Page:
Non-Stop Dental Care in Vanuatu a Rewarding Experience

18 May 2018

Northland New Zealand Army Reservist Denise Mariu has just two words for the tooth decay she encountered on an island in Vanuatu: “Damn sugar”.

Dental hygienist Warrant Officer 1 Mariu, from Ohaeawai, went with a team of 10 Royal New Zealand Dental Corps personnel to Epi Island during the New Zealand Defence Force (NZDF) Exercise Tropic Major earlier this month.

The exercise was a based on a fictitious scenario involving a breakdown of law and order on Epi Island, prompting the Vanuatu Government to request help to re-establish the rule of law and stability for its citizens. A New Zealand Joint Task Force of about 500, embarked on HMNZS Canterbury and HMNZS Wellington, went to the island to help restore order.

While the exercise was taking place the team was busy providing dental treatment and medical education to villagers on the island.

In five days the team helped more than 300 people and performed 650 dental procedures. Three dentists worked from 7.30am to 5pm each day in a clinic with generators for power, using headlamps for consistent light. Some villagers walked for hours to see them.

The clinic, in Lamen Bay, had little in the way of privacy. It could fit three patients in the unlit room with open windows and doors, while dozens more, in every age group, waited outside.

Warrant Officer Mariu said the first priority was relief of pain, then looking at what would cause future pain. They also provided oral health information, with one person travelling through the villages to visit parents and children.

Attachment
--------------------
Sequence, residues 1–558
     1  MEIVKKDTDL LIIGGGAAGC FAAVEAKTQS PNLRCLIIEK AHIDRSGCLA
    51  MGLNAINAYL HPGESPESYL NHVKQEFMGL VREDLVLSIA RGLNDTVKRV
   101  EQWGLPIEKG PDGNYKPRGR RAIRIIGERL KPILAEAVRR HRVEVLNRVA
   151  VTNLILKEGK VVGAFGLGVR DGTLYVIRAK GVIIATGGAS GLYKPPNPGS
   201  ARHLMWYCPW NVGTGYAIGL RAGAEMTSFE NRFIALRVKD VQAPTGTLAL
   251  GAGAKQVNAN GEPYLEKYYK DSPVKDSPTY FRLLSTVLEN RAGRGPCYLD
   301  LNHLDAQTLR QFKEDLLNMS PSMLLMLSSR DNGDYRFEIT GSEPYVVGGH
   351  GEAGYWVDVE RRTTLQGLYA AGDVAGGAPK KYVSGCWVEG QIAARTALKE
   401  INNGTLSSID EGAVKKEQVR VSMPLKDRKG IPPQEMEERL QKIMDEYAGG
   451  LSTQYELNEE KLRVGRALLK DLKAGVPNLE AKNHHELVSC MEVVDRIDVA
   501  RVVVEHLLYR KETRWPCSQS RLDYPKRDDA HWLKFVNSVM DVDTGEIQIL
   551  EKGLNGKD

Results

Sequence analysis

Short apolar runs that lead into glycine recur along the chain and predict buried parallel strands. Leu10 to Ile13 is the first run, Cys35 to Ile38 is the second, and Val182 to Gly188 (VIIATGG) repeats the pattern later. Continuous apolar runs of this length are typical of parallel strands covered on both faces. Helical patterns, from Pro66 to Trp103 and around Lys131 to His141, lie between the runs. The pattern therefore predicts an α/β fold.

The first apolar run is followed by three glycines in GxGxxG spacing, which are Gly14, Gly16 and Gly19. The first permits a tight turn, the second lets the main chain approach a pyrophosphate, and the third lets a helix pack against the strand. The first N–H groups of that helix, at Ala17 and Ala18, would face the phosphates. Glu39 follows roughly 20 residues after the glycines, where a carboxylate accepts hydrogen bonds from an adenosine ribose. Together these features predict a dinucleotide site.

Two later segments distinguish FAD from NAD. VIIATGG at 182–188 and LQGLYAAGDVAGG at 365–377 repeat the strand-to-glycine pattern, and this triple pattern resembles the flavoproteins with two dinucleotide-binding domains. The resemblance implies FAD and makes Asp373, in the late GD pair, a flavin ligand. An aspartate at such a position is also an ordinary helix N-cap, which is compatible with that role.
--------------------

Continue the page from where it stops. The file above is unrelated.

“The big issues are sugar and decay,” she said. “I’ve been on a lot of these deployments and it’s cheap drinks and sweets, with kids sucking on them all day.”
Language was a barrier, with many villagers not speaking English.

“Most people speak five languages, with village dialects, so we had to keep things quite simple. We have interpreters, and I speak a bit of Bislama.”

With more than 60 people each day wanting treatment, time management was important.

“We can’t spend two hours on a person and have another miss out. Root canals were not an option - it means an extraction.”

The locals were very hardy, she said.

“One person had seven extractions in one mouth. They have walked here, and they walk home.”

On the last day, it was almost heart-breaking to start packing up, she said.

“We could go for weeks like this.”

The team prepared for Tropic Major by providing free dental care in Bay of Plenty in April.

“Vanuatu is not so different when you get out to the rural places in New Zealand. We have similar problems.”

This page was last reviewed on 7 February 2019.